An ideal is merely the projection, on an enormously enlarged scale, of some aspect of personality.
That men do not learn very much from the lessons of history is the most important of all the lessons of history.
The daily bread of grace, without which nothing can be achieved, is given to the extent to which we ourselves give and forgive.
Henri IV's feet and armpits enjoyed an international reputation.
Most of one's life is one prolonged effort to prevent oneself thinking.
Only times and places, only names and ghosts.
Our vanity makes us exaggerate the importance of human life; the individual is nothing; Nature cares only for the species.
The sultry darkness into which the students now followed him was visible and crimson, like the darkness of closed eyes on a summer's afternoon. The bulging flanks of row on receding row and tier above tier of bottles glinted with innumerable rubies, and among the rubies moved the dim red spectres of men and women with purple eyes and all the symptoms of lupus.
But a priest's life is not supposed to be well-rounded; it is supposed to be one-pointed -- a compass, not a weathercock.
Why do you love the woman you're in love with? Because she is. And that, after all, is God's own definition of Himself; I am that I am. The girl is who she is. Some of her isness spills over and impregnates the entire universe. Objects and events cease to be mere representations of classes and become their own uniqueness; cease to be illustrations of verbal abstractions and become fully concrete. Then you stop being in love, and the universe collapses, with an almost audible squeak of derision, into its normal insignificance.
Everyone who wants to do good to the human race always ends in universal bullying.
People travel for the same reason as they collect works of art: because the best people do it.
Thanks to words, we have been able to rise above the brutes; and thanks to words, we have often sunk to the level of the demons.
Like every other good thing in this world, leisure and culture have to be paid for. Fortunately, however, it is not the leisured and the cultured who have to pay.
What man has joined, nature is powerless to put asunder.
A man who has trained himself in goodness come to have certain direct intuitions about character, about the relations between human beings, about his own position in the world -- intuitions that are quite different from the intuitions of the average sensual man.
Societies are composed of individuals and are good only insofar as they help individuals to realize their potentialities and to lead a happy and creative life.
And that ... is the secret of happiness and virtue --liking what you've got to do. All conditioning aims at that: making people like their unescapable social destiny.
An impersonal generation will take the place of Nature's hideous system. In vast state incubators, rows upon rows of gravid bottles will supply the world with the population it requires. The family system will disappear; society, sapped at its very base, will have to find new foundations; and Eros, beautifully and irresponsibly free, will flit like a gay butterfly from flower to flower through a sunlit world.
The history of any nation follows an undulatory course. In the trough of the wave we find more or less complete anarchy; but the crest is not more or less complete Utopia, but only, at best, a tolerably humane, partially free and fairly just society that invariably carries within itself the seeds of its own decadence.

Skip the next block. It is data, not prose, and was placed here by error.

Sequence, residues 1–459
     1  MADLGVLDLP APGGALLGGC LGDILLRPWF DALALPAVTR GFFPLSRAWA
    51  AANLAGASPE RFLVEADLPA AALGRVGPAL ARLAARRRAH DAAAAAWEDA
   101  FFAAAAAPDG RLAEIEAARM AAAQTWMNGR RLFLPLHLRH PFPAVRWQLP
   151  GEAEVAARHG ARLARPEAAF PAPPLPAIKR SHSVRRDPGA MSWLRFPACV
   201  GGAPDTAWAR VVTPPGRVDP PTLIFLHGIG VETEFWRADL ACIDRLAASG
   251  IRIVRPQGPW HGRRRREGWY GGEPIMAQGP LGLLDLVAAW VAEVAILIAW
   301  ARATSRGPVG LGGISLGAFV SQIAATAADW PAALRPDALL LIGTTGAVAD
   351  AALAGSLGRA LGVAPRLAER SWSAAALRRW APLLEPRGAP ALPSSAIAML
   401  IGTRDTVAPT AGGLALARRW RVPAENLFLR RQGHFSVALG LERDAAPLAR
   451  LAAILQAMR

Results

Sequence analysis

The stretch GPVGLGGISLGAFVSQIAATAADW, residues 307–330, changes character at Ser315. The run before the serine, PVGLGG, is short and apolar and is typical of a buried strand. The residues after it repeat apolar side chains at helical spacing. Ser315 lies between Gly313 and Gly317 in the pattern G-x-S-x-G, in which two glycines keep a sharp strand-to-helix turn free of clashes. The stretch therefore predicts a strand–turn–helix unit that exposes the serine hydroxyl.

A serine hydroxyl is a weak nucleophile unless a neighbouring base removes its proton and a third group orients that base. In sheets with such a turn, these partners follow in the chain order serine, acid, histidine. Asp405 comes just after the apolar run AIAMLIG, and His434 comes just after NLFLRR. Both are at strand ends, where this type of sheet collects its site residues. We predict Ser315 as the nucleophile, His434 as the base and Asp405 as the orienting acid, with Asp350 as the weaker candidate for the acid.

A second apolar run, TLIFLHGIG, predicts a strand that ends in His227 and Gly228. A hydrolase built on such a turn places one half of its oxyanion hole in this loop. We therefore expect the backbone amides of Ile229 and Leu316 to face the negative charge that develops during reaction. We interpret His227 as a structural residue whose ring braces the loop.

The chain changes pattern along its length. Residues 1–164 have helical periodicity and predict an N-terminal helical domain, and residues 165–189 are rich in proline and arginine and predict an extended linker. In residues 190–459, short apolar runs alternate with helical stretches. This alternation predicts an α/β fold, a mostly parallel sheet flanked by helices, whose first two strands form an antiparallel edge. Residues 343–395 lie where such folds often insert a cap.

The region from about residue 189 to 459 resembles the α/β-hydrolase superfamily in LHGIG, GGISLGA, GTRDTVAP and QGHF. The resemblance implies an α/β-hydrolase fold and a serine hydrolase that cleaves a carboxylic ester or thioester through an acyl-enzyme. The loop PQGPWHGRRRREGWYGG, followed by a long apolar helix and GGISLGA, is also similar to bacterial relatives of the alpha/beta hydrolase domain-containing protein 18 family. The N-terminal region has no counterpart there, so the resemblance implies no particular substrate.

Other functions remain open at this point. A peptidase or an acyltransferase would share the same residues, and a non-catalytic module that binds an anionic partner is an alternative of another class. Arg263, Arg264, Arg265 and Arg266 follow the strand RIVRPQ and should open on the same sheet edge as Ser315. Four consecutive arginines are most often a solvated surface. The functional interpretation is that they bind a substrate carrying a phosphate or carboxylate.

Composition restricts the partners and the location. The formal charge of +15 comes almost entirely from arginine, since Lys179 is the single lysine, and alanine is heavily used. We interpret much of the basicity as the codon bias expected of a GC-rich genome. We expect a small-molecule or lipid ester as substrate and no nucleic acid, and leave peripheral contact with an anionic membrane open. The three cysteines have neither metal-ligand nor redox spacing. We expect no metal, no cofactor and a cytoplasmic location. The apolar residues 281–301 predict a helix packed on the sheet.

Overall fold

Spritual grace can't be received continuously or in its fullness, except by those who have willed away their self-will to the point of being able truthfully to say, "Not I, but God in me.
Compared with that of Taoists and Far Eastern Buddhists, the Christian attitude toward Nature has been curiously insensitive and often downright domineering and violent. Taking their cue from an unfortunate remark in Genesis, Catholic moralists have regarded animals as mere things which men do right to regard for their own ends..
Every man with a little leisure and enough money for railway tickets, every man, indeed, who knows how to read, has it in his power to magnify himself, to multiply the ways in which he exists, to make his life full, significant and interesting.
From their experience or from the recorded experience of others (history), men learn only what their passions and their metaphysical prejudices allow them to learn.
His gravest offence had been to accept the world in which he found himself as normal, rational and right.
Nonsense is an assertion of man's spiritual freedom in spite of all the oppressions of circumstance.
And what strange voices they have! Sometimes like the complaining of small children; sometimes like the noise of lambs.
In all activities of life, the secret of efficiency lies in an ability to combine two seemingly incompatible states: a state of maximum activity and a state of maximum relaxation.
To be enlightened is to be aware, always, of total reality in its immanent otherness -- to be aware of it and yet remain in a condition to survive as an animal. Our goal is to discover that we have always been where we ought to be. Unhappily we make the task exceedingly difficult for ourselves.
Which is better: to have fun with fungi or to have Idiocy with ideology, to have wars because of words, to have tomorrow's misdeeds out of yesterday's miscreeds?
Men do not learn much from the lessons of history and that is the most important of all the lessons of history.